results.issues.collect { issue -> issueManager.getIssueObject(issue.id) }
}

jqlQuery = "project = DEMO and text ~ 'shortcut'"
logImportantMessage "Executing query: <pre>${jqlQuery}</pre>"
def issues = findIssues(jqlQuery)

I don’t know JQL! What should I do?

Well, you can always learn by example: first of all search the issues in Jira, switch to advanced mode and copy paste the JQL query. See the screenshots below:

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Besides the copy paste you can always check Atlassian’s documentation on JQL queries…

Jira issue objects

IntelliJ IDEA gives you all the code completion suggestions but not all of them are useful in Jira’s case - some of the methods are internal and shouldn’t be touched (unless you know what you’re doing). I recommend you stick to the methods that have Object in name - these are the actual domain objects that have all the properties easily accessible:

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Updating issues

Just changing the issue won’t actually update it in Jira’s internal database. To do that you have multiple options. There doesn’t seems to be a standard way of doing it, so I’ll just describe and provide examples for each method I encountered.

This initial example is using the manager for labels. There are managers for pretty much everything in Jira - you just need to get it using the ComponentAccessor.

def addLabelToIssue(MutableIssue issue, String label) {
    def labelManager = ComponentAccessor.getComponent(LabelManager.class)
    def user = ComponentAccessor.jiraAuthenticationContext.user.directoryUser
    def sendEmailUpdates = false
    labelManager.addLabel(user, issue.id, label, sendEmailUpdates)
}

addLabelToIssue(issue, "productivity")

Jira Bulk Change vs Script Runner

You can do almost the same thing using Jira’s Bulk Change with a single exception: you cannot append something to a list (of labels, of versions, of anything actually…). You can just overwrite the previous values which is probably not what you expect… See the images below to get an idea…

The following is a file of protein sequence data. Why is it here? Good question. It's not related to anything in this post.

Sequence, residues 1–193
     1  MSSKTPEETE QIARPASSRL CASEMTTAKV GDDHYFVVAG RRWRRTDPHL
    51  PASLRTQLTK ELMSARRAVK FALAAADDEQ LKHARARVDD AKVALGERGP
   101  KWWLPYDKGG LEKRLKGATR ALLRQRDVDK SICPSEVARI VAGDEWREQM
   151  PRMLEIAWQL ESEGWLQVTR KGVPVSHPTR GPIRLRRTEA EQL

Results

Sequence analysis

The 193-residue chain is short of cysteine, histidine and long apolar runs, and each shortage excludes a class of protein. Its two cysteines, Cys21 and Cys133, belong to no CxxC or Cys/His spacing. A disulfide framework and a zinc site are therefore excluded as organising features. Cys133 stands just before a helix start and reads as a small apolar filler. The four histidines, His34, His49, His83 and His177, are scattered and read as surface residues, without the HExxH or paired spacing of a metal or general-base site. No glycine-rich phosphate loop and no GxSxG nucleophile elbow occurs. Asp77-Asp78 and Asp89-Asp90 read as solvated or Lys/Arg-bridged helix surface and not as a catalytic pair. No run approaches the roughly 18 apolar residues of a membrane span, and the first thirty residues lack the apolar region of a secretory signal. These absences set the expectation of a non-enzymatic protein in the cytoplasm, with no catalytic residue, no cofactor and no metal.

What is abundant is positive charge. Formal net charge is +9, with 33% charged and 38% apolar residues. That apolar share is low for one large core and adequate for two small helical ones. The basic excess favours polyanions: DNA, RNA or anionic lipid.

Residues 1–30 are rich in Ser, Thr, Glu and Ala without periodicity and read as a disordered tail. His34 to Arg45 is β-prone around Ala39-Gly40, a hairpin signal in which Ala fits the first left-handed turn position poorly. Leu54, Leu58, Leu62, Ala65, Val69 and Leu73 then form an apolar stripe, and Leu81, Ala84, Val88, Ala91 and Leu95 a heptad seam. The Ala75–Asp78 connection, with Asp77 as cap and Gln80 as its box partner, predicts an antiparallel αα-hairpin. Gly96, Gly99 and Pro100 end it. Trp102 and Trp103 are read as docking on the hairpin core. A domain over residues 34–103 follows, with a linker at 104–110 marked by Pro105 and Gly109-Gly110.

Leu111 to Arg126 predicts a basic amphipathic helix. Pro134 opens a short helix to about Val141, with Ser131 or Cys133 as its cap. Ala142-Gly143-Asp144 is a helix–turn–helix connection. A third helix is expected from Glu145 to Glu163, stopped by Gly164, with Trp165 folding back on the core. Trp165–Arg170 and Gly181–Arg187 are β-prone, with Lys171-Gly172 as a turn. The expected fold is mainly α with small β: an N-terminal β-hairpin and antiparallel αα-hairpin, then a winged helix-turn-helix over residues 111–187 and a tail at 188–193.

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The change that appears at 12 minutes ago was done using the Script Runner and my example script… The change from 4 minutes ago was done using Bulk Change… Note the difference: when using Bulk Change you lose the previous values!

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Updating issues with ModifiedValue

This is an example on how to add and update the fix versions. This way of updating issues is very coupled to the field name, much like the previous example. In the next section I’ll show a better and more general way of updating.

def addFixVersionToIssue(MutableIssue issue, Version fixVersion) {
    def oldFixVersions = issue.fixVersions
    def newFixVersions = oldFixVersions + fixVersion
    def value = new ModifiedValue(oldFixVersions, newFixVersions)

    def field = ComponentAccessor.fieldManager.getOrderableField("fixVersions")
    field.updateValue(null, issue, value, new DefaultIssueChangeHolder())

    issue.fixVersions = newFixVersions
}

def getVersion(String projectKey, String versionName) {
    ComponentAccessor.versionManager.allVersions.find { version ->
        version.projectObject.key == projectKey && version.name == versionName
    }
}

def projectKey = "DEMO"
def fixVersionName = "Version 1.0"
def fixVersion = getVersion(projectKey, fixVersionName)

addFixVersionToIssue(issue, fixVersion)

Finding out dynamic fields

In some cases you’ll need methods that receive field names or other similar things. This is the case we had in the previous example: